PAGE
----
Towards verification of computation orchestration
Dong, Jin Song
Date of Issue2013
School of Computer Engineering
Recently, a promising programming model called Orc has been proposed to support a structured way of orchestrating distributed Web Services. Orc is intuitive because it offers concise constructors to manage concurrent communication, time-outs, priorities, failure of Web Services or communication and so forth. The semantics of Orc is precisely defined. However, there is no automatic verification tool available to verify critical properties against Orc programs. Our goal is to verify the orchestration programs (written in Orc language) which invoke web services to achieve certain goals. To investigate this problem and build useful tools, we explore in two directions. Firstly, we define a Timed Automata semantics for the Orc language, which we prove is semantically equivalent to the operational semantics of Orc. Consequently, Timed Automata models are systematically constructed from Orc programs. The practical implication is that existing tool supports for Timed Automata, e.g., Uppaal, can be used to simulate and model check Orc programs. An experimental tool has been implemented to automate this approach. Secondly, we start with encoding the operational semantics of Orc language in Constraint Logic Programming (CLP), which allows a systematic translation from Orc to CLP. Powerful constraint solvers like CLP(R) are then used to prove traditional safety properties and beyond, e.g., reachability, deadlock-freeness, lower or upper bound of a time interval, etc. Counterexamples are generated when properties are not satisfied. Furthermore, the stepwise execution traces can be automatically generated as the simulation steps. The two different approaches give an insight into the verification problem of Web Service orchestration. The Timed Automata approach has its merits in visualized simulation and efficient verification supported by the well developed tools. On the other hand, the CPL approach gives better expressiveness in both modeling and verification. The two approaches complement each other, which gives a complete solution for the simulation and verification of Computation Orchestration.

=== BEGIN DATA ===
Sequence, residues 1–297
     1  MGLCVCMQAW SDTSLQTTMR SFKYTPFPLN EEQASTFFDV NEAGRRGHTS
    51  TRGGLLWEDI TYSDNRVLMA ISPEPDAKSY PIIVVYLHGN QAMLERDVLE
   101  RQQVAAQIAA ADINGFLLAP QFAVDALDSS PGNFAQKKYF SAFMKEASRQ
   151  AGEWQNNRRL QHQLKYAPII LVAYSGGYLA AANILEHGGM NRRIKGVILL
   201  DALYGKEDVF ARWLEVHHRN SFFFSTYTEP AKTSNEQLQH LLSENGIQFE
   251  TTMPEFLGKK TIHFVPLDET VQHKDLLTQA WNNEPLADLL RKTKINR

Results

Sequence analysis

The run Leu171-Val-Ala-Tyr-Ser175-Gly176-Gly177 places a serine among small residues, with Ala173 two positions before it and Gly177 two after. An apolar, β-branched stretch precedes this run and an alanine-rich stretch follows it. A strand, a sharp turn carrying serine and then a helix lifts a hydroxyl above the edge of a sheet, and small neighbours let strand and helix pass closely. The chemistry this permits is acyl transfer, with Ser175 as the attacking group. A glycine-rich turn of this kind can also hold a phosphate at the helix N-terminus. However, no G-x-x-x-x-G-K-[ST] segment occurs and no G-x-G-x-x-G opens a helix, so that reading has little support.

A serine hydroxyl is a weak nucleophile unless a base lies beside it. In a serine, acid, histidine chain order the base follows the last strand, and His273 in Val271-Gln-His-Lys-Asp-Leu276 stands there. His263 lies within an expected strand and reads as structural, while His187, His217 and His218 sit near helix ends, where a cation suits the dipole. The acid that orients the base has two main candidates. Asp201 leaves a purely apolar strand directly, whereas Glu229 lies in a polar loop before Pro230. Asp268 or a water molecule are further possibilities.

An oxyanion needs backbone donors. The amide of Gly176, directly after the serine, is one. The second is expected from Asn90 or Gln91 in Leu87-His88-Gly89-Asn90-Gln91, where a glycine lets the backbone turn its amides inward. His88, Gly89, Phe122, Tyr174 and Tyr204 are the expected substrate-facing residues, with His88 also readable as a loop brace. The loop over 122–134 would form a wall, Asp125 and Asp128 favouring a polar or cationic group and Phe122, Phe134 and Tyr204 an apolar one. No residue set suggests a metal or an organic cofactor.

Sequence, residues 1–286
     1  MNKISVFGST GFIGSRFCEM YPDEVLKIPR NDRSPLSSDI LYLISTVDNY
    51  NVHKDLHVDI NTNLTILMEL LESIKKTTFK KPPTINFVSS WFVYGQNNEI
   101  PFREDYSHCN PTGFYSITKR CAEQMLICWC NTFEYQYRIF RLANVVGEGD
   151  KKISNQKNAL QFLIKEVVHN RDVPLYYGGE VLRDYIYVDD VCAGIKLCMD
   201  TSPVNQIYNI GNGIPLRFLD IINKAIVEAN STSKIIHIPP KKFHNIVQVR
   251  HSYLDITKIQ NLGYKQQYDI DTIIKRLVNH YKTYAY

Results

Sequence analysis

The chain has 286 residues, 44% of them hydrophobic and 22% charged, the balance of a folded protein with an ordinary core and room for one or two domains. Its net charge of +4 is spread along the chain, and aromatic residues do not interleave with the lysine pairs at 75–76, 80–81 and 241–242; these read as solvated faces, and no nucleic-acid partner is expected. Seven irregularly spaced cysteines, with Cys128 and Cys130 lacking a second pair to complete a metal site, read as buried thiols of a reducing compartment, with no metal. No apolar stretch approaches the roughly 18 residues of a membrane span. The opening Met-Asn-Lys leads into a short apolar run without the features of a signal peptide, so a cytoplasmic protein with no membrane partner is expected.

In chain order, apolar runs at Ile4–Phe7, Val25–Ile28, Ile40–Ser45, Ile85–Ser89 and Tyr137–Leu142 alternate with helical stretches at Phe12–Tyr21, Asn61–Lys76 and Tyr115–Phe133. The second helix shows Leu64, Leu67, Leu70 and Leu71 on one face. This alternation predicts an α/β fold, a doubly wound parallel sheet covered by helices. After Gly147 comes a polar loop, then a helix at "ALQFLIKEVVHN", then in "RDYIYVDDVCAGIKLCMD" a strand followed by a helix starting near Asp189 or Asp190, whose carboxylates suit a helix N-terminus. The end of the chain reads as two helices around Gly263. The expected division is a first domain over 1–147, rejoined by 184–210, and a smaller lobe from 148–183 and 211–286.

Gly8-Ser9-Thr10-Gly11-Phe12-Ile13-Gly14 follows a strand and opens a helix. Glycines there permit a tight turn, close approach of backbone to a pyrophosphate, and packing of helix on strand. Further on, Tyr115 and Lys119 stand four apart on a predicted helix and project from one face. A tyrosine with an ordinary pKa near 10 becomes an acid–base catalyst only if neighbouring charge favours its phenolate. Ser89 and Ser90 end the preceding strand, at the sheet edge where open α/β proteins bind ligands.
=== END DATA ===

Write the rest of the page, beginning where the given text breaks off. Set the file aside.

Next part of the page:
DRNTU::Engineering::Computer science and engineering
Formal aspects of computing